Please use this identifier to cite or link to this item: https://hdl.handle.net/2440/90291
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Type: Journal article
Title: Effects of elevated temperature in grapevine. II juice pH, titratable acidity and wine sensory attributes
Author: Sadras, V.
Petrie, P.
Moran, M.
Citation: Australian Journal of Grape and Wine Research, 2013; 19(1):107-115
Publisher: Wiley
Issue Date: 2013
ISSN: 1322-7130
1755-0238
Statement of
Responsibility: 
V.O. Sadras, P.R. Petrie and M.A. Moran
Abstract: Background and Aims: The effects of vineyard temperature on wine attributes are largely inferred from indirect comparisons between thermally contrasting regions and vintages. Here, we directly assessed wine attributes in trials where manipulation of temperature in the field minimised confounded effects typical of indirect comparisons. Methods and Results: Cabernet Franc, Chardonnay, Semillon and Shiraz vines were exposed to two thermal regimes (elevated temperature, control) over two growing seasons. Juice titratable acidity (TA) and pH, and wine sensory attributes were assessed. Three types of responses to elevated temperature were found for juice TA and pH: (i) pH increased and TA decreased (Cabernet Franc, Chardonnay); (ii) both traits were unresponsive (Shiraz); and (iii) pH increased but acidity was unresponsive (Semillon). Elevated temperature consistently reduced green and citrus aromas, and enhanced rich mouth feel and tropical flavours in Semillon. Thermal effects on sensory traits of Shiraz and Cabernet Franc were strongly season-dependent. Conclusions: Responses of juice TA and pH to elevated vineyard temperature in Shiraz and Semillon did not conform to expectations from indirect comparisons. Owing to confounded environmental factors, the effect of temperature on wine attributes inferred from regional or seasonal comparisons needs to be interpreted with caution. Significance of the Study: Direct evaluation of the effect of elevated vineyard temperature on wine attributes can help develop winemaking adaptations for warmer futures.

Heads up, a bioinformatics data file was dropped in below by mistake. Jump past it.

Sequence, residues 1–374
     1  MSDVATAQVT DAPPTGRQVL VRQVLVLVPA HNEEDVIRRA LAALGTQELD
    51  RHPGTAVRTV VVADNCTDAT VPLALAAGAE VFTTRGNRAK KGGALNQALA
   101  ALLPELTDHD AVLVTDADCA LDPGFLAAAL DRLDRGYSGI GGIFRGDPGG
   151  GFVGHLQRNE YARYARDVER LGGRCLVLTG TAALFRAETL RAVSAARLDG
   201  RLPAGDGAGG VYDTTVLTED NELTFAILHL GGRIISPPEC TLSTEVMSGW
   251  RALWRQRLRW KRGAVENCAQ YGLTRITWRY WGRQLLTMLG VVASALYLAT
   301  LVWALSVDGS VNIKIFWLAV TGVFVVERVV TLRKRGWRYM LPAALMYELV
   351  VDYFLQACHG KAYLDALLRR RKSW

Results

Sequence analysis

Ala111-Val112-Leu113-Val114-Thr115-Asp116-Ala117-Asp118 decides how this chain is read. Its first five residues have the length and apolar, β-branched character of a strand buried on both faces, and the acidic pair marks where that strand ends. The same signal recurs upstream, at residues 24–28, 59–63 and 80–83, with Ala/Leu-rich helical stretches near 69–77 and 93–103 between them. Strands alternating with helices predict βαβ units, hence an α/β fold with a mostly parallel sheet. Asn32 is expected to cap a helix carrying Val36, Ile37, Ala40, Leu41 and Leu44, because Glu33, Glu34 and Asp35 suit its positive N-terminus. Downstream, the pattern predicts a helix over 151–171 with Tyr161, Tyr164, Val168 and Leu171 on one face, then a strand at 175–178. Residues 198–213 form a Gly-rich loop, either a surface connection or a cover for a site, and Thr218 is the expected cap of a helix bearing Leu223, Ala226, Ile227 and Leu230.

Keywords: acidity; climate change; pH; plasticity; reaction norm; temperature; Vitis vinifera
Description: Article first published online: 26 NOV 2012
Rights: © 2012 Australian Society of Viticulture and Oenology Inc.
DOI: 10.1111/ajgw.12001
Appears in Collections:Agriculture, Food and Wine publications
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